ONCE LABELLED as one of the most talented all-rounders India has produced, Irfan Pathan was kept away from international cricket by injuries and poor form for the past three years. But Irfan believes that the dream for a national team call-up is still very much alive for him, especially after a memorable comeback recently in the first class season that saw him claim 12 wickets and score over 90 runs in two matches.
The 31-year-old finished with figures of 6-47 and scored 73 runs including a half-century for Baroda against Gujarat which was followed by 6-80 along with 18 runs against Punjab in the recent Ranji Trophy matches.
Irfan made it clear that he has returned to full fitness and is concentrating on the task at hand, that is, to pick wickets and get runs under his belt which will eventually catch the eyes of the national selectors.
"Every player who plays first class cricket dreams to play for India; that's why I am in the Ranji Trophy. I still have my dream very much alive to play for India. I just want to keep my mouth shut and keep playing. My aim is to keep performing, keep improving, and keep doing the right thing," Irfan told IANS in an interview.
"If I perform, I am sure the people (selectors) who are there will notice. My performance will speak for me," he said.
After making his debut in 2003 against Australia in Adelaide, Irfan has claimed 100 wickets and scored 1,105 runs in 29 Test matches, besides taking 173 wickets and scoring 1,544 runs in 120 One-Day Internationals (ODIs) so far.
The all-rounder, who played his last ODI in August 2012, said his preparations for the first class season helped him grab a six-wicket haul against Gujarat on a slow and flat pitch.
"I have got back to full fitness. Before the season I was preparing well and the best part was that I was fit from the start. All I needed was to perform really well, which I did against Gujarat. The pitch was slow and flat,, but I got six wickets on that wicket and that gave me a lot of confidence," he said.
"More because when you get wickets in a slow track by bowling someone out or a leg before wicket, that gives you a lot of confidence. I carried the confidence also against Punjab in my second match, took wickets and we won the match," the left-arm seamer said.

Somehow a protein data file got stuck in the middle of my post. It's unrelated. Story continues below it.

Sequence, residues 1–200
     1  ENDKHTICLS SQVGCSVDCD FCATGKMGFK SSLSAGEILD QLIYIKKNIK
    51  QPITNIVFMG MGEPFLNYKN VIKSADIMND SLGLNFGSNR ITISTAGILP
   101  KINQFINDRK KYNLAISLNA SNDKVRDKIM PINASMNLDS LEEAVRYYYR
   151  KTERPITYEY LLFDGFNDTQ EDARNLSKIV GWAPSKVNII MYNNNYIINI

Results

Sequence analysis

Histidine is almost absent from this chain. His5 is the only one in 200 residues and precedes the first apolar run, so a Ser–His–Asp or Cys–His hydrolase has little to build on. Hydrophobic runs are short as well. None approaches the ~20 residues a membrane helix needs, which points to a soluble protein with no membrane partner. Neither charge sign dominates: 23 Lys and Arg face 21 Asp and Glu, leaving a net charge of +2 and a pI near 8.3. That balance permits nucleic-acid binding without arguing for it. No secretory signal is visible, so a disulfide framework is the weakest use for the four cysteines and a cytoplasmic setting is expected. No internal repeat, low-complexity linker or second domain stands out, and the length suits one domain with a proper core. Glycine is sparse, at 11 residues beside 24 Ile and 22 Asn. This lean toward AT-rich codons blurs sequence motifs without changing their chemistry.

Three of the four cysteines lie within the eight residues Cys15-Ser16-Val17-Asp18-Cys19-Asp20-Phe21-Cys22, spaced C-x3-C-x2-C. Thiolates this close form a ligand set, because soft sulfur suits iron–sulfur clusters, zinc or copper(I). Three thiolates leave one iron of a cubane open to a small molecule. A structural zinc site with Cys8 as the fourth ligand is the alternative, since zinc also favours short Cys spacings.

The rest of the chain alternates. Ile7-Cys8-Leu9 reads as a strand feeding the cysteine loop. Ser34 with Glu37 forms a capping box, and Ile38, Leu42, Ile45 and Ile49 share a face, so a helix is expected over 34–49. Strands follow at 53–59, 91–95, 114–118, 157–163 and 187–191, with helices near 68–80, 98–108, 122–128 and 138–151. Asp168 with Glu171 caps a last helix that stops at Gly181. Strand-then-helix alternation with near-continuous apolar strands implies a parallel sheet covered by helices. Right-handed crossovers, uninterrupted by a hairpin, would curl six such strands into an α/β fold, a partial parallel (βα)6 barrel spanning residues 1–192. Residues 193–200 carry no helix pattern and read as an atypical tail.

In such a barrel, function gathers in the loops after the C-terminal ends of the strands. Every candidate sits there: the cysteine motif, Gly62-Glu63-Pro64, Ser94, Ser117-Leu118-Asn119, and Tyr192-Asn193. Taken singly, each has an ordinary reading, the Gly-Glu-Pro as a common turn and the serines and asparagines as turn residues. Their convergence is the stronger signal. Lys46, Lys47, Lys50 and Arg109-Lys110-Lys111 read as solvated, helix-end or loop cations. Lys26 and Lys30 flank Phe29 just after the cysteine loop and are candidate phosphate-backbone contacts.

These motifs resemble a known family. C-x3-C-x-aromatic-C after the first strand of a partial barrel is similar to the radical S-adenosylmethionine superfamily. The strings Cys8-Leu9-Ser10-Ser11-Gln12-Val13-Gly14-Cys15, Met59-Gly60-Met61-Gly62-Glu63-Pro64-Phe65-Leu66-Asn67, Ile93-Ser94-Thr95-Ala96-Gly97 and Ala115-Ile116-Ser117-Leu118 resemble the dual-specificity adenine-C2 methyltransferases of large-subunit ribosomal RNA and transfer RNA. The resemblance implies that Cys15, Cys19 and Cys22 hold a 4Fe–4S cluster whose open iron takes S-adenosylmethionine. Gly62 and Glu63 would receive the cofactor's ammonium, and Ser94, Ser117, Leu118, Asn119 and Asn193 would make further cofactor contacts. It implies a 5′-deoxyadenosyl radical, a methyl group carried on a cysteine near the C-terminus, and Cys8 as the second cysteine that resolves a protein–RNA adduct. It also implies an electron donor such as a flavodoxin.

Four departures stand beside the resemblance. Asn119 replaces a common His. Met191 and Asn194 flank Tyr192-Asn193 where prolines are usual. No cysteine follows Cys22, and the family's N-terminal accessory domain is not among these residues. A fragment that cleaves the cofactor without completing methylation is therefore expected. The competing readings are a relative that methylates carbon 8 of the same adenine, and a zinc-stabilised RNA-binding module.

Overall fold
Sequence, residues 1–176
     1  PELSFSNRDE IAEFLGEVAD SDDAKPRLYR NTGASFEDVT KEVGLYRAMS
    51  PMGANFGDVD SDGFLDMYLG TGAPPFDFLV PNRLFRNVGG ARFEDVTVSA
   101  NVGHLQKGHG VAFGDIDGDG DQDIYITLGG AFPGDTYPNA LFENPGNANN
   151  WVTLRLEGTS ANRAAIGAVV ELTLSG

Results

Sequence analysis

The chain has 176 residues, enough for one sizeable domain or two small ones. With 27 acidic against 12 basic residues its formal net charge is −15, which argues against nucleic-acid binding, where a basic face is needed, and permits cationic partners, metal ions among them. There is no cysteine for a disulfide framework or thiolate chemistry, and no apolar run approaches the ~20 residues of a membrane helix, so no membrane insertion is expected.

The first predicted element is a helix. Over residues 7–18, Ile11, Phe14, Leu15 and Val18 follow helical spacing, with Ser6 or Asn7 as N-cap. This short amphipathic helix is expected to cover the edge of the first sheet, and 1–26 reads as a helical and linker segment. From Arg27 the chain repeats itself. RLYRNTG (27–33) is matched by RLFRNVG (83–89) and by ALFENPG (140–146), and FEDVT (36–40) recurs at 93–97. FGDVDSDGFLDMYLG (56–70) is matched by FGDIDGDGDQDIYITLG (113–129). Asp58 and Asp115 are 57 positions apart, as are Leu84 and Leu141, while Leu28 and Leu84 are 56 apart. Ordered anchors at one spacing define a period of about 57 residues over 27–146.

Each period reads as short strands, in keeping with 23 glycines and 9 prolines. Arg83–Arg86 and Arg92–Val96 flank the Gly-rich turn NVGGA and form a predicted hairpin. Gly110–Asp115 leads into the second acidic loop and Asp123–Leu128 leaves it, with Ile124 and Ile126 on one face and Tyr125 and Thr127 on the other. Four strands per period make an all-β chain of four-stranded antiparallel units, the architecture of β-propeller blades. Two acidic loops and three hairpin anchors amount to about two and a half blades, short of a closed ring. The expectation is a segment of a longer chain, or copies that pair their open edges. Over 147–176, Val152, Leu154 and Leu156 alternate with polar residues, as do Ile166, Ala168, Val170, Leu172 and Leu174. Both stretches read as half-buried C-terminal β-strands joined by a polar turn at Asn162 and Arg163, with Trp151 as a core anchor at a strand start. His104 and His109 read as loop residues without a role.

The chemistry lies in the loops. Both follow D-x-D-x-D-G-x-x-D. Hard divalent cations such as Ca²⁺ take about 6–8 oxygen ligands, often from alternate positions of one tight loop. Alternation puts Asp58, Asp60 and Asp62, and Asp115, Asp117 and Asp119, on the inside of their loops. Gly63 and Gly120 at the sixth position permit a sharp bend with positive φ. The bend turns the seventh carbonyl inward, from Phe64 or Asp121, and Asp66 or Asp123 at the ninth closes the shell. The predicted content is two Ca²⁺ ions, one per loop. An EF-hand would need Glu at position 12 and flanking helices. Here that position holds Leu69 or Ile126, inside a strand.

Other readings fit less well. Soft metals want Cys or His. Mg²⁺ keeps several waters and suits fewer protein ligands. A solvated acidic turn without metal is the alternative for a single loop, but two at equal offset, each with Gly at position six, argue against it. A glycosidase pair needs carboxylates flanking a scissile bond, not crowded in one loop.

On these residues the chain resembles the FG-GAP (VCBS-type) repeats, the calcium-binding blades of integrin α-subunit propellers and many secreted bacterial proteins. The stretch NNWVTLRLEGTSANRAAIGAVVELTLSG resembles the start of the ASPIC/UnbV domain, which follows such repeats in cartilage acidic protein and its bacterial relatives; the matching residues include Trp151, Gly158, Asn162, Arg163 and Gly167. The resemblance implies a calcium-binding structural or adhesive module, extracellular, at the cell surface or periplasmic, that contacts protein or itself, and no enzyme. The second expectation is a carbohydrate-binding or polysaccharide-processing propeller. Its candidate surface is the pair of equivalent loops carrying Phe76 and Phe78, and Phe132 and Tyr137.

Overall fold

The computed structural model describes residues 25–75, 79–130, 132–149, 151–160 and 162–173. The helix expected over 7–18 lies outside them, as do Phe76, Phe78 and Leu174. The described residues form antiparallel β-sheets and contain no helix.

The Baroda-born cricketer believes that the experience which he has gathered over the years in international cricket is paying off quite well at a time when he is aiming to get back his national spot.
"Making a comeback is never easy for anyone. I know, as I have done it before. I want to use my experience that I have for so many years. Experience is something I have with me now and it is paying off really well. I am getting wickets because of my experience. Getting used to four-day format will help me get into any formats of international cricket," he said.
When asked if age would be a barrier for him to return to the India side, the 31-year-old said,
"Right now the World No.1 Test bowler Dale Steyn is 32. So I don't think I will have a problem. Also India is currently looking for an experienced seaming all-rounder. I can even mentor the young seamers."
After having played under the captaincy of Sourav Ganguly, Rahul Dravid and Mahendra Singh Dhoni, Irfan refused to pick the best one, terming it would be unfair to them, but hailed the trio for their different style of leading a side.
"All the three captains, Ganguly, Dravid and Dhoni, I have played under were wonderful. All three had a different style of leading a side. It will be hard and unfair to pick one. Now Virat Kohli is displaying a quite exciting leadership as well," Irfan concluded.